Bond shouted, "Wait, you bastard!" But, by the time Leiter had limped back into the room, Bond, no effort left in him to fire off the volley of four-letter words that were to be his only answer to his friend, had lapsed into unconsciousness.


                                                                                                                'Now' - Franklin turned to Bond - 'when this officer took a look into the laboratory up there he saw rack upon rack of test-tubes containing what he describes as "a cloudy liquid". How would it be if those were viruses, Fowl Pest, anthrax, God knows what all? The report mentions that the laboratory was lit with a dim red light. That would be correct. Virus cultures suffer from exposure to bright light. And how would it be if before this Polly girl left she was given an aerosol spray of the right stuff and told that this was some kind of turkey elixir - a tonic to make them grow fatter and healthier. Remember that stuff about "improving the breed" in the hypnosis talk? And suppose she was told to go to Olympia for the Show, perhaps even take a job for the meeting as a cleaner or something, and just casually spray this aerosol here and there among the prize birds. It wouldn't be bigger than one of those shaving-soap bombs. That'd be, quite enough. She'd been told to keep it secret, that it was patent stuff. Perhaps even that she'd be given shares hi the company if the tonic proved the success this man Blofeld claimed it would. It'd be quite easy to do. She'd just wander round the cages - perhaps she was even given a special purse to carry the thing in - lean up against the wire and psst! the job would be done. Easy as falling off a log. All right, if you'll go along with me so far, she was probably told to do the job on one of the last two days of the show, so that the effects wouldn't be seen too soon. Then, at the end of the show, all the prize birds are dispersed back to their owners all over England. And that's that! And' - he paused -'mark you, that was that. Three million birds dead and still dying all over the place, and a great chunk of foreign currency coughed up by the Treasury to replace them.5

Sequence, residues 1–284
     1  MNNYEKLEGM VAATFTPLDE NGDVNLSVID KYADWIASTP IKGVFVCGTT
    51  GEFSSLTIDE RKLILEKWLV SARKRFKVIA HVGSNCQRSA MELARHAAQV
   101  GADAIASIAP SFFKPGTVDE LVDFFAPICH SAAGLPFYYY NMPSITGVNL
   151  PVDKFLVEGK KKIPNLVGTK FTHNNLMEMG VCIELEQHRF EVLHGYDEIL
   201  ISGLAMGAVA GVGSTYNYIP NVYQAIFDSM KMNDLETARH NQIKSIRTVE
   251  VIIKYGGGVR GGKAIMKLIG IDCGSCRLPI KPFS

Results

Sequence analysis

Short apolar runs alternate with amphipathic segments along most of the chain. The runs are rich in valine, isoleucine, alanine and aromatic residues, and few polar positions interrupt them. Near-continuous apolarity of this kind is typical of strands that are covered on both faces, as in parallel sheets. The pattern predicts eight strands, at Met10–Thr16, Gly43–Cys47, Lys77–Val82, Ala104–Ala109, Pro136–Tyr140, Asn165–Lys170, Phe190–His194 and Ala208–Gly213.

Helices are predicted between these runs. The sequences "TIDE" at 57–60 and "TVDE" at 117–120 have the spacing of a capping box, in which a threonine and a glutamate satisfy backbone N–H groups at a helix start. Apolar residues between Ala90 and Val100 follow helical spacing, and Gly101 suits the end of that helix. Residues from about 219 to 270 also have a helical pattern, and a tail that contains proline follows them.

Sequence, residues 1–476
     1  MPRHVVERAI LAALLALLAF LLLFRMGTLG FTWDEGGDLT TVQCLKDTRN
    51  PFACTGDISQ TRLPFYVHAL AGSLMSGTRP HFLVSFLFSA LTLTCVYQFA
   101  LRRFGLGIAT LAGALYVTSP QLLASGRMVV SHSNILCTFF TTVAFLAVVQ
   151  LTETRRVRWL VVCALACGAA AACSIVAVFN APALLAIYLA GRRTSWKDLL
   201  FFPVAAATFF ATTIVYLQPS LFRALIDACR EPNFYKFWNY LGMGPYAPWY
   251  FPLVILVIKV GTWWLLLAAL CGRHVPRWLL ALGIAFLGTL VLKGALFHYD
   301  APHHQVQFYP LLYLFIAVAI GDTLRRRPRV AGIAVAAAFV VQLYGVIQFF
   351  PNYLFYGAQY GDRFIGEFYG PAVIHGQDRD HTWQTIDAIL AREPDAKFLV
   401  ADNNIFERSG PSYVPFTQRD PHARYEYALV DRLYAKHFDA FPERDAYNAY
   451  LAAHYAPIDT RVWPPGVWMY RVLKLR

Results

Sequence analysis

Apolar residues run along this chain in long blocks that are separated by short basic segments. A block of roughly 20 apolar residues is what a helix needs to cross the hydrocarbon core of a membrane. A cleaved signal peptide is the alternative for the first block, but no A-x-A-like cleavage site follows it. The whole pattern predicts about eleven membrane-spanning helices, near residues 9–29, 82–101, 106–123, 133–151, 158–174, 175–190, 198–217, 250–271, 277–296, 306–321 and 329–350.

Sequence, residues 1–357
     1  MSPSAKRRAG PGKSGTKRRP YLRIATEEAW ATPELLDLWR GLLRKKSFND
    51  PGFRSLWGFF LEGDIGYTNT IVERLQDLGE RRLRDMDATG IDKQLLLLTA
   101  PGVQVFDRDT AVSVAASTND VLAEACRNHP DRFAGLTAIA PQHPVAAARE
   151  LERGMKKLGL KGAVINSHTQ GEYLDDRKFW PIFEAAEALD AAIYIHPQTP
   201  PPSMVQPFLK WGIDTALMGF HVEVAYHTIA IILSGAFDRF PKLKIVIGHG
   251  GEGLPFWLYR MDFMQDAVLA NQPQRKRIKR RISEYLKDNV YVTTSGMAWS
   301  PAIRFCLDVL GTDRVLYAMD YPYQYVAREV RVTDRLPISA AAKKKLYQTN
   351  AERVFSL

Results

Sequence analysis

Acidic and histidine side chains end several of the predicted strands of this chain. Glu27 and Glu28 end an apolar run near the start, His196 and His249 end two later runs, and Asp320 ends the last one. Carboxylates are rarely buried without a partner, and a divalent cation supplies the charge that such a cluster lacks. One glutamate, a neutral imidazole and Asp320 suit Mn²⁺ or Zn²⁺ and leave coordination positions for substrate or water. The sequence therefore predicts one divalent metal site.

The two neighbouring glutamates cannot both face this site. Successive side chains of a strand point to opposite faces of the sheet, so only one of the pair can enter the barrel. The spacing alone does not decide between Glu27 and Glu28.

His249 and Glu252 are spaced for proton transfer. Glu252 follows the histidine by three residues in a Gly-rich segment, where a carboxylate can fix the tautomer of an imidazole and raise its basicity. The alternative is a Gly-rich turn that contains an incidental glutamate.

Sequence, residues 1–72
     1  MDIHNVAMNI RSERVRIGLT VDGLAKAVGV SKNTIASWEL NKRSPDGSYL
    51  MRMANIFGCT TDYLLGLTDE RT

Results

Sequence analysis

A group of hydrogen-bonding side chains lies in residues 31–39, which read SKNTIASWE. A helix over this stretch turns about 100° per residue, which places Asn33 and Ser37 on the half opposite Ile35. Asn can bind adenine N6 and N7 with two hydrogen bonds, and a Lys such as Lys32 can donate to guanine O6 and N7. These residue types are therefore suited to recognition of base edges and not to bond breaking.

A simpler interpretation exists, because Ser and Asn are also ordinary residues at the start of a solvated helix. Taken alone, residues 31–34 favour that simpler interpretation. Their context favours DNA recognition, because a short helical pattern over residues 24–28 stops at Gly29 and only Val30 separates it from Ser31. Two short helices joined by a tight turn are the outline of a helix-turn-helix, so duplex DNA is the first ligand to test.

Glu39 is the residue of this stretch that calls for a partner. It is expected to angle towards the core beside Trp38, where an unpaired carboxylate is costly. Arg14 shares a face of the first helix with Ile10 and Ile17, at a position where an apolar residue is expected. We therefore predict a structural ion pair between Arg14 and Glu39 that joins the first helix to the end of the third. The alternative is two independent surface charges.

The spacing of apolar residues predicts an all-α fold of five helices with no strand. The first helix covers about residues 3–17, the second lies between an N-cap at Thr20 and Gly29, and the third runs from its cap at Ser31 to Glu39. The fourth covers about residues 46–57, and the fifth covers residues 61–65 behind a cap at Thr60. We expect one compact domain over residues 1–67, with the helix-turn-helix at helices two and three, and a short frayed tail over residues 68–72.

16 THE LOVESOME SPOT
                                                                                                                The formula for effective communication has threedistinct parts:
                                                                                                                How it happened, no one knows. The only explanation is that some mysterious X Factor gave us—the weaker, dumber, skinnier creatures—a life-or-death edge over the Ice Age All-Stars. It wasn’tstrength. It wasn’t weapons. It wasn’t intelligence.
                                                                                                                One remarkable institution was almost universal, namely the village ‘meeting’, a gathering of all the villagers for the planning of their communal life. The ‘meeting’ took a great variety of forms in different lands; but nearly always it centred on a building which combined many of the characters of a village hall, a church, and a public house. By some freak of the evolution of language it was known in all countries as the ‘poob’. In it the village met every evening to yarn, play games, sing, drink their synthetic elixirs, smoke their synthetic tobaccos. It was also the communal eating-house where friends could meet over a meal, where many of the more sociable villagers fed every day, where the guests of the village were entertained, where village banquets were held. In it also the villagers met for concerts and lectures. In it at regular intervals they held their formal ‘meetings’ to discuss communal business and settle disputes. There they also held their sacred ceremonies, such as marriages, funerals, initiations into citizenship, commemorations of great events, local, national, or cosmopolitan.